Auto industry executives are speeding up plans to automate routine driving tasks, aiming to make the technologies widely available within five years.
However, there are concerns about the lack of safety or performance standards to guide efforts to automate such things as highway driving, parking, and navigating stop-and-go traffic.
Some automakers are addressing liability concerns by installing cameras and warning systems inside vehicles to ensure drivers are prepared to assume manual control when necessary.
The National Highway Traffic Safety Administration said it continues to conduct research and collect data on hands-free technologies, but stressed that the technologies are "not sufficiently mature" to require formal federal standards.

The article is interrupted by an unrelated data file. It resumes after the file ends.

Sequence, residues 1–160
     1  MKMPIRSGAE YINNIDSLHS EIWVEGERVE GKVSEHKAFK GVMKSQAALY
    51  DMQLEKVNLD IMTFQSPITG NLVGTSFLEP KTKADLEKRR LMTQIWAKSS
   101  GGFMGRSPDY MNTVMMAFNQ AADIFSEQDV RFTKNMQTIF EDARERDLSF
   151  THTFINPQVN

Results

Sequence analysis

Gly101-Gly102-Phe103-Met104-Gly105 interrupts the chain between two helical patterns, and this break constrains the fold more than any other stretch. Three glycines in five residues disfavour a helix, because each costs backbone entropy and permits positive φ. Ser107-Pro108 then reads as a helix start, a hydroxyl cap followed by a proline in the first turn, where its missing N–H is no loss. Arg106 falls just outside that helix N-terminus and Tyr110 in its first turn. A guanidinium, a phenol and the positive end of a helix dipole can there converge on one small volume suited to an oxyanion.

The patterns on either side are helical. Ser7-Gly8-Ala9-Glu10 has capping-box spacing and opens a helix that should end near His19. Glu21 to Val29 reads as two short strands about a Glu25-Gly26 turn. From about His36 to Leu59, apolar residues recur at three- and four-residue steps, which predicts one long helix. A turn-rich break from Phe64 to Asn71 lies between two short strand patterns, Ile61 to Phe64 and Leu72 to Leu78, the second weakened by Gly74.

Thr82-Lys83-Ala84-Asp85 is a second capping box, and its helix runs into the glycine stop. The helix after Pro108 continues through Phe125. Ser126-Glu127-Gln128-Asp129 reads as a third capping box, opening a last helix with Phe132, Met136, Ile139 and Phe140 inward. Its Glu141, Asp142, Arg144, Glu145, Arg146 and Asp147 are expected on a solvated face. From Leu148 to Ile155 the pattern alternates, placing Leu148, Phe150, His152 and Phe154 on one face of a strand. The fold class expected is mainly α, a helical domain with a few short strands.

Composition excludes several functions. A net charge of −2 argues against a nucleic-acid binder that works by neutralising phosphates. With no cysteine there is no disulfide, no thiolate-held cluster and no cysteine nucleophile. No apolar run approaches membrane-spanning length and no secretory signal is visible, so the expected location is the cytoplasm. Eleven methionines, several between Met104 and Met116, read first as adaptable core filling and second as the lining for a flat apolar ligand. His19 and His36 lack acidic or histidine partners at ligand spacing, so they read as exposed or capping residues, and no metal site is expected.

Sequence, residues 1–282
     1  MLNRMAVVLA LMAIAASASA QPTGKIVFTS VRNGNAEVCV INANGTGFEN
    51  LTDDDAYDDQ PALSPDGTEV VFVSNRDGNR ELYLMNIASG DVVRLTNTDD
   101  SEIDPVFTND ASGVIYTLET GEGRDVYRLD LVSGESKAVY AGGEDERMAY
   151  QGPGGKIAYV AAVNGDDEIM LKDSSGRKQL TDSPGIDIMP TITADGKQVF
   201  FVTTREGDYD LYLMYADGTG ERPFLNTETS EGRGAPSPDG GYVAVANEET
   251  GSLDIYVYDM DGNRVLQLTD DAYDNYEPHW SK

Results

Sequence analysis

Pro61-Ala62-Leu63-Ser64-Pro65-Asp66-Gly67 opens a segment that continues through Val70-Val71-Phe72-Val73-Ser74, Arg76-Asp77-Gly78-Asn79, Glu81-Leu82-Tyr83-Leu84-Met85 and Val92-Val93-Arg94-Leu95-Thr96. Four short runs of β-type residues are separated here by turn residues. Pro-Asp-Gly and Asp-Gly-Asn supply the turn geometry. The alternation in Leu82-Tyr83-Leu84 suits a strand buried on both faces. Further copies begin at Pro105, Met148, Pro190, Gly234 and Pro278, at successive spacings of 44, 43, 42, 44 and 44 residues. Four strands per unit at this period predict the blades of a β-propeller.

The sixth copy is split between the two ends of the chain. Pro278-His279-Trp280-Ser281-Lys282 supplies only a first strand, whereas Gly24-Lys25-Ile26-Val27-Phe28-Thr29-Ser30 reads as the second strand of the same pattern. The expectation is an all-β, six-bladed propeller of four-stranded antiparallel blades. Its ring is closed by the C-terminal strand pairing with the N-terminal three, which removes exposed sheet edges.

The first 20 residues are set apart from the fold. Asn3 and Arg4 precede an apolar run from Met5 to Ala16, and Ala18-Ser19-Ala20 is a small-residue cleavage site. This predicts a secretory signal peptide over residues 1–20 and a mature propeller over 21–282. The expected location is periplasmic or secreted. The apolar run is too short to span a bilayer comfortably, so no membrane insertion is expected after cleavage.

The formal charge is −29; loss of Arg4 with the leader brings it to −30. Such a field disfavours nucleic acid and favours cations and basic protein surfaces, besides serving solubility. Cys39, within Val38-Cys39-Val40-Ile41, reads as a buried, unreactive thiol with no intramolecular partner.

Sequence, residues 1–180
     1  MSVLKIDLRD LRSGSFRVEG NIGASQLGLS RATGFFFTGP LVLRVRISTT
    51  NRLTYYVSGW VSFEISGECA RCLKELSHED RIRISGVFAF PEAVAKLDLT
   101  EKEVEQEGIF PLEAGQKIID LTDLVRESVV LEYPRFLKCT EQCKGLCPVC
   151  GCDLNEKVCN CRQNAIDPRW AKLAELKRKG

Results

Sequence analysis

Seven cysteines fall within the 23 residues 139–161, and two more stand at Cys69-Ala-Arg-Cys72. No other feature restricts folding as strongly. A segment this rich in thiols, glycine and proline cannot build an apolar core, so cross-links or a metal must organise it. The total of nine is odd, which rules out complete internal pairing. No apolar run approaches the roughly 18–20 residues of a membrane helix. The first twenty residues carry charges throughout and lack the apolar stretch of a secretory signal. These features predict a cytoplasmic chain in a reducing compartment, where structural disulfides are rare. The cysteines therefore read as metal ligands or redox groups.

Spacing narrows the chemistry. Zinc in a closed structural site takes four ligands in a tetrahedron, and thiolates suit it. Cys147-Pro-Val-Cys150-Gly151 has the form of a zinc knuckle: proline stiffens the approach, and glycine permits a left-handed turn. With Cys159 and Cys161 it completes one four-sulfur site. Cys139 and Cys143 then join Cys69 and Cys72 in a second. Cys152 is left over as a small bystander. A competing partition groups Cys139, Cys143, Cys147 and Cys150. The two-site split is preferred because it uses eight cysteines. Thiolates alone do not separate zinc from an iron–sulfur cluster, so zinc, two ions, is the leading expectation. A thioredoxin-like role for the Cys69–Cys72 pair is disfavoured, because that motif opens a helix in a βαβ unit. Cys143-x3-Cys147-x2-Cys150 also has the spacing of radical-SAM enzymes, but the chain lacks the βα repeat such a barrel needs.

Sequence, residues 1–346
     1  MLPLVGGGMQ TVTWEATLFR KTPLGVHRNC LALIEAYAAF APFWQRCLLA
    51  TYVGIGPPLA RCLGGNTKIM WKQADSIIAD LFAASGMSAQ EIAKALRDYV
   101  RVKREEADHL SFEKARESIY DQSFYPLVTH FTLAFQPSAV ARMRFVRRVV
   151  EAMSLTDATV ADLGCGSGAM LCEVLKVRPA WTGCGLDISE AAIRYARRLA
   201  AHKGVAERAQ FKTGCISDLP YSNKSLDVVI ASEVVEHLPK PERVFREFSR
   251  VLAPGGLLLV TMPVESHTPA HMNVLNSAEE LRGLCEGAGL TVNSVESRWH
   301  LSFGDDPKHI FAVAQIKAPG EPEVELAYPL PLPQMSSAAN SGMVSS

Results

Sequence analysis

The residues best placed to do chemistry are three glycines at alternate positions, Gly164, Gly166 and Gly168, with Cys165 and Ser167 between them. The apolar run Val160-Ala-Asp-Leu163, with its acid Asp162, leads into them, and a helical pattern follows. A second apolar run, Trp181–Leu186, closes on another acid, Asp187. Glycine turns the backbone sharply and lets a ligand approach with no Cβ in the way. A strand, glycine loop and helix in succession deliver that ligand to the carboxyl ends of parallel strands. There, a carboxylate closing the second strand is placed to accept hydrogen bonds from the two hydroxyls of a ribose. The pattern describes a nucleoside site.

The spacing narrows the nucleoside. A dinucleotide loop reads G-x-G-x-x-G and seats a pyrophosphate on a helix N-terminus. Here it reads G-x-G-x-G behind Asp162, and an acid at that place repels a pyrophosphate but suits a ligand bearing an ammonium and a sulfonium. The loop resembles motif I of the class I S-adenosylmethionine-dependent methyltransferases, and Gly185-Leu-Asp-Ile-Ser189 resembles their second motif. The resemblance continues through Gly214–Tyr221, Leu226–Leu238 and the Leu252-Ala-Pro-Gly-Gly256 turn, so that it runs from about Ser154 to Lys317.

Said Mark Rosekind of self-driving startup Zoox, "If people don't know what they've got and how it actually operates, that's a safety issue." Automakers contend that automated driving technologies will reduce the number of crashes and lower auto insurance rates.
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